O IA  192.168.10.0/24 [110/2] via 192.168.15.1, 00:20:04, FastEthernet0/0 

      192.168.15.0/24 is variably subnetted, 2 subnets, 2 masks 

C        192.168.15.0/24 is directly connected, FastEthernet0/0 

L        192.168.15.5/32 is directly connected, FastEthernet0/0 

O IA  192.168.20.0/24 [110/3] via 192.168.15.1, 00:15:46, FastEthernet0/0 

O IA  192.168.27.0/24 [110/4] via 192.168.15.1, 00:11:40, FastEthernet0/0 

Notice that LSA Type 5 is present in its routing table. 

Configure Stub Area:-

R1 (config)#router ospf 1 

R1(config-router)#area 1 stub 

As soon as we configure the stub area on one router, OSPF neighborship goes down. Since stubs should be configured on all the routers in an area. 

Hence, we will configure it on R2. 

R2 (config)#router ospf 1 

R2(config-router)#area 1 stub 

R1#show ip route  

Codes: L – local, C – connected, S – static, R – RIP, M – mobile, B – BGP 

       D – EIGRP, EX – EIGRP external, O – OSPF, IA – OSPF inter area  

       N1 – OSPF NSSA external type 1, N2 – OSPF NSSA external type 2 

       E1 – OSPF external type 1, E2 – OSPF external type 2 

       i – IS-IS, su – IS-IS summary, L1 – IS-IS level-1, L2 – IS-IS level-2 

       ia – IS-IS inter area, * – candidate default, U – per-user static route 

       o – ODR, P – periodic downloaded static route, H – NHRP, l – LISP 

       + – replicated route, % – next hop override 

The Gateway of last resort is 192.168.15.1 to network 0.0.0.0 

O*IA  0.0.0.0/0 [110/2] via 192.168.15.1, 00:00:13, FastEthernet0/0 

      10.0.0.0/8 is variably subnetted, 5 subnets, 2 masks 

O IA     10.1.1.1/32 [110/2] via 192.168.15.1, 00:00:13, FastEthernet0/0 

O IA     10.2.2.2/32 [110/4] via 192.168.15.1, 00:00:13, FastEthernet0/0 

C        10.5.5.0/24 is directly connected, Loopback0 

L        10.5.5.5/32 is directly connected, Loopback0 

O IA     10.7.7.7/32 [110/5] via 192.168.15.1, 00:00:13, FastEthernet0/0 

O IA  192.168.10.0/24 [110/2] via 192.168.15.1, 00:00:13, FastEthernet0/0 

      192.168.15.0/24 is variably subnetted, 2 subnets, 2 masks 

C        192.168.15.0/24 is directly connected, FastEthernet0/0 

L        192.168.15.5/32 is directly connected, FastEthernet0/0 

O IA  192.168.20.0/24 [110/3] via 192.168.15.1, 00:00:13, FastEthernet0/0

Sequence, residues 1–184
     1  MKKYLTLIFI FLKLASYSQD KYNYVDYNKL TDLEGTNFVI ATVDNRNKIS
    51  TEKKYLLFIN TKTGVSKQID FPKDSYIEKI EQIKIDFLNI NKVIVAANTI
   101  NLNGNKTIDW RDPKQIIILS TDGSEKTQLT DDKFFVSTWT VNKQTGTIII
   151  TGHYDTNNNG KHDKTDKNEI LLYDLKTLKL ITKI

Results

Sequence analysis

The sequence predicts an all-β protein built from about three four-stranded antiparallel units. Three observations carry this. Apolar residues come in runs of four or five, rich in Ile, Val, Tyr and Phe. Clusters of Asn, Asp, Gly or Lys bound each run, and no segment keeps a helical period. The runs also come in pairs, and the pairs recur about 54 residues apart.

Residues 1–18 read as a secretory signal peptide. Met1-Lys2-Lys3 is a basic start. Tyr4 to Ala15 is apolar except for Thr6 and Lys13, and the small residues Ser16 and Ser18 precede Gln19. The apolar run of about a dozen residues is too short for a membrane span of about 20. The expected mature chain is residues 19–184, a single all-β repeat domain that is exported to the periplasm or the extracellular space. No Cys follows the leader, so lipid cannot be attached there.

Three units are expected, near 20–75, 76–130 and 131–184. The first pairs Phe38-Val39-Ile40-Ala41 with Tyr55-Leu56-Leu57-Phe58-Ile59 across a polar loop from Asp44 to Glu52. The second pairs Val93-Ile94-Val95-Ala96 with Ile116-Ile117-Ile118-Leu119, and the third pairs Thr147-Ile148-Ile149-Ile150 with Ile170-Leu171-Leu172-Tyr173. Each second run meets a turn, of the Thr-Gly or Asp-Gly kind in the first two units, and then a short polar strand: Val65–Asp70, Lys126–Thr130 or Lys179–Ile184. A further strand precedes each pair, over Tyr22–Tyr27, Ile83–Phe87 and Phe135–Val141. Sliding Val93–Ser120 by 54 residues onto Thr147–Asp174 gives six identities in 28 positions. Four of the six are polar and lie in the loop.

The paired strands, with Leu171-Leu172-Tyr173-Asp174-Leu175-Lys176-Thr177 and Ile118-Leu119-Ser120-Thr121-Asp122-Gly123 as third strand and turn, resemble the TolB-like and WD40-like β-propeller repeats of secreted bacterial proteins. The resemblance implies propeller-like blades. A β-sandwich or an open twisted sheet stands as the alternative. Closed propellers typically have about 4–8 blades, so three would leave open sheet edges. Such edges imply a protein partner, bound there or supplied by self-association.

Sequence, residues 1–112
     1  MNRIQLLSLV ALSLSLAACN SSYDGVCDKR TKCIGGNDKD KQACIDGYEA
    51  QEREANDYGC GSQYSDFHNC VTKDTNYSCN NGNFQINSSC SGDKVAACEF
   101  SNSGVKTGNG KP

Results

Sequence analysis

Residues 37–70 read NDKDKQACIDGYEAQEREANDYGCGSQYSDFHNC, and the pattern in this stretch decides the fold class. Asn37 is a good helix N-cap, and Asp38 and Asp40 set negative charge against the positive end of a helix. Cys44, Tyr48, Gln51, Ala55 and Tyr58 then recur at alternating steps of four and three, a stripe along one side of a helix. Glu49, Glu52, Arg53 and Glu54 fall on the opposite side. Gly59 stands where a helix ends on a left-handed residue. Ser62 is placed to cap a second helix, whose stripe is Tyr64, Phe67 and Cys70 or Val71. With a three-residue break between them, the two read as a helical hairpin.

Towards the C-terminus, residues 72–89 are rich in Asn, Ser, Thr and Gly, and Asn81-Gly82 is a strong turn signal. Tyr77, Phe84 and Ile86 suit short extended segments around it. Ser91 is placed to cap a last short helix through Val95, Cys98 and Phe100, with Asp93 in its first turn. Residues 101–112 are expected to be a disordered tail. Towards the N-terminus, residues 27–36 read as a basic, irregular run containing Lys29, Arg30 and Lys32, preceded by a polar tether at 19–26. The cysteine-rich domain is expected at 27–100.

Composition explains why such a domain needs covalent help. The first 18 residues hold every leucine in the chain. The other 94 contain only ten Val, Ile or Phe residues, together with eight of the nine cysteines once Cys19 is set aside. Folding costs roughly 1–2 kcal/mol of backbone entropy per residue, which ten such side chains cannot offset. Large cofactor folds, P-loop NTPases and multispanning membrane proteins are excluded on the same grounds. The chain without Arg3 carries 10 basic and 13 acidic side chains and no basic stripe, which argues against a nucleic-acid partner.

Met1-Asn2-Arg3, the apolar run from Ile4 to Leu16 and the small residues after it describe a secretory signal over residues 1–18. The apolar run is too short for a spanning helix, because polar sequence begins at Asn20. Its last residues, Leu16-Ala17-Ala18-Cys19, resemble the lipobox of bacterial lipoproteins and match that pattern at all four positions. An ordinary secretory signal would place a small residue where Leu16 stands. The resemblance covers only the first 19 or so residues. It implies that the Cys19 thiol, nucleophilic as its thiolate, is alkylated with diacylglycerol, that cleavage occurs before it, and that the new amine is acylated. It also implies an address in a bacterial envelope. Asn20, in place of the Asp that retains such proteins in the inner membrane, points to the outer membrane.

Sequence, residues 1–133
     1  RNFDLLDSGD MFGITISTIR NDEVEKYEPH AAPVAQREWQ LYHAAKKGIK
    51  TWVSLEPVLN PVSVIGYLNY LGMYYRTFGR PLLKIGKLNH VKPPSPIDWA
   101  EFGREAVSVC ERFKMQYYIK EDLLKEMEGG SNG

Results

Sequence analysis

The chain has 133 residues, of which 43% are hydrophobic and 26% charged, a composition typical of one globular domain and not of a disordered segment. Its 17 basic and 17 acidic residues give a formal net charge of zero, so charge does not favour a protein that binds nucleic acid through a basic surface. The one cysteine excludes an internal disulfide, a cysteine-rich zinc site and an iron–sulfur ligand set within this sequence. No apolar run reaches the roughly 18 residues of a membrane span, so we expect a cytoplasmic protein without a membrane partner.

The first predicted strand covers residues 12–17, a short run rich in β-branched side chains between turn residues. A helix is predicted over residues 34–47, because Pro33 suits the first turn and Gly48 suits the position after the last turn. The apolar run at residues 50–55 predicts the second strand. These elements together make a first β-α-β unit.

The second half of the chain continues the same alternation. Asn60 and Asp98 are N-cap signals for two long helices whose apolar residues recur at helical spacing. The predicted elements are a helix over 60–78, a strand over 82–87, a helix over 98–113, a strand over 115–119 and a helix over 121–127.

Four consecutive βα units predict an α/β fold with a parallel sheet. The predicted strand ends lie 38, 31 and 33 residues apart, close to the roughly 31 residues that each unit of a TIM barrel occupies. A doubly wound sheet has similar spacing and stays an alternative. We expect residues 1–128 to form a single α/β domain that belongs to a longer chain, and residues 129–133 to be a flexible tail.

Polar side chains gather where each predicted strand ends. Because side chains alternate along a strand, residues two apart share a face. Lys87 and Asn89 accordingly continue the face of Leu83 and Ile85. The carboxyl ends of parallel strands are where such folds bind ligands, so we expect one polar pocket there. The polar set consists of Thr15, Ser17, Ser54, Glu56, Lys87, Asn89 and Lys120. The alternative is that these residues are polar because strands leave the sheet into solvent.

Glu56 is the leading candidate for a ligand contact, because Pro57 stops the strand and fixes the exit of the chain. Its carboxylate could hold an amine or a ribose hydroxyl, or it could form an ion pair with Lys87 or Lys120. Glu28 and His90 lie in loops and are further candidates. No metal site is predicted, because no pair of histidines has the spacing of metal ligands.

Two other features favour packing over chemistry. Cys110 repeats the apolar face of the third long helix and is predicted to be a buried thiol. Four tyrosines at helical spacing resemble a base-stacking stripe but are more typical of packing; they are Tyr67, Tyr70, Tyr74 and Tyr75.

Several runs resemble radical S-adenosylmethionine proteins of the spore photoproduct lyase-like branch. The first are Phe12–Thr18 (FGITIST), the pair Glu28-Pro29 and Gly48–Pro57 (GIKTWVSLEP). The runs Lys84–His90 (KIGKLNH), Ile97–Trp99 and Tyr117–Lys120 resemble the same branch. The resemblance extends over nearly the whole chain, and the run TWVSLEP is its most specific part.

O IA  192.168.27.0/24 [110/4] via 192.168.15.1, 00:00:13, FastEthernet0/0 

See the magic- Type 5 LSA, i.e., O E2 routes are blocked. Also, the default route is now present in the table. 

Totally Stub:-

R4 (config)#router ospf 1 

R4(config-router)# area 2 stub no-summary 

R5 (config)#router ospf 1 

R5(config-router)# area 2 stub no-summary 

R5#show ip route  

Codes: L – local, C – connected, S – static, R – RIP, M – mobile, B – BGP 

       D – EIGRP, EX – EIGRP external, O – OSPF, IA – OSPF inter area  

       N1 – OSPF NSSA external type 1, N2 – OSPF NSSA external type 2 

       E1 – OSPF external type 1, E2 – OSPF external type 2 

       i – IS-IS, su – IS-IS summary, L1 – IS-IS level-1, L2 – IS-IS level-2 

       ia – IS-IS inter area, * – candidate default, U – per-user static route 

       o – ODR, P – periodic downloaded static route, H – NHRP, l – LISP 

       + – replicated route, % – next hop override 

Gateway of last resort is 192.168.27.2 to network 0.0.0.0 

O*IA  0.0.0.0/0 [110/2] via 192.168.27.2, 00:00:20, FastEthernet1/0 

      10.0.0.0/8 is variably subnetted, 2 subnets, 2 masks 

C        10.7.7.0/24 is directly connected, Loopback0 

L        10.7.7.7/32 is directly connected, Loopback0 

      192.168.27.0/24 is variably subnetted, 2 subnets, 2 masks 

C        192.168.27.0/24 is directly connected, FastEthernet1/0 

L        192.168.27.7/32 is directly connected, FastEthernet1/0 

See, in a totally stub area, even the LSA-3 is filtered. 

NSSA and Totally NSSA can be configured using the following commands- 

Syntax to configure NSSA 

R(config)#router ospf 1 

R(config-router)#area 1 nssa 

Syntax to configure Totally NSSA 

R(config)#router ospf 1 

R(config-router)# area 1 nssa no-summary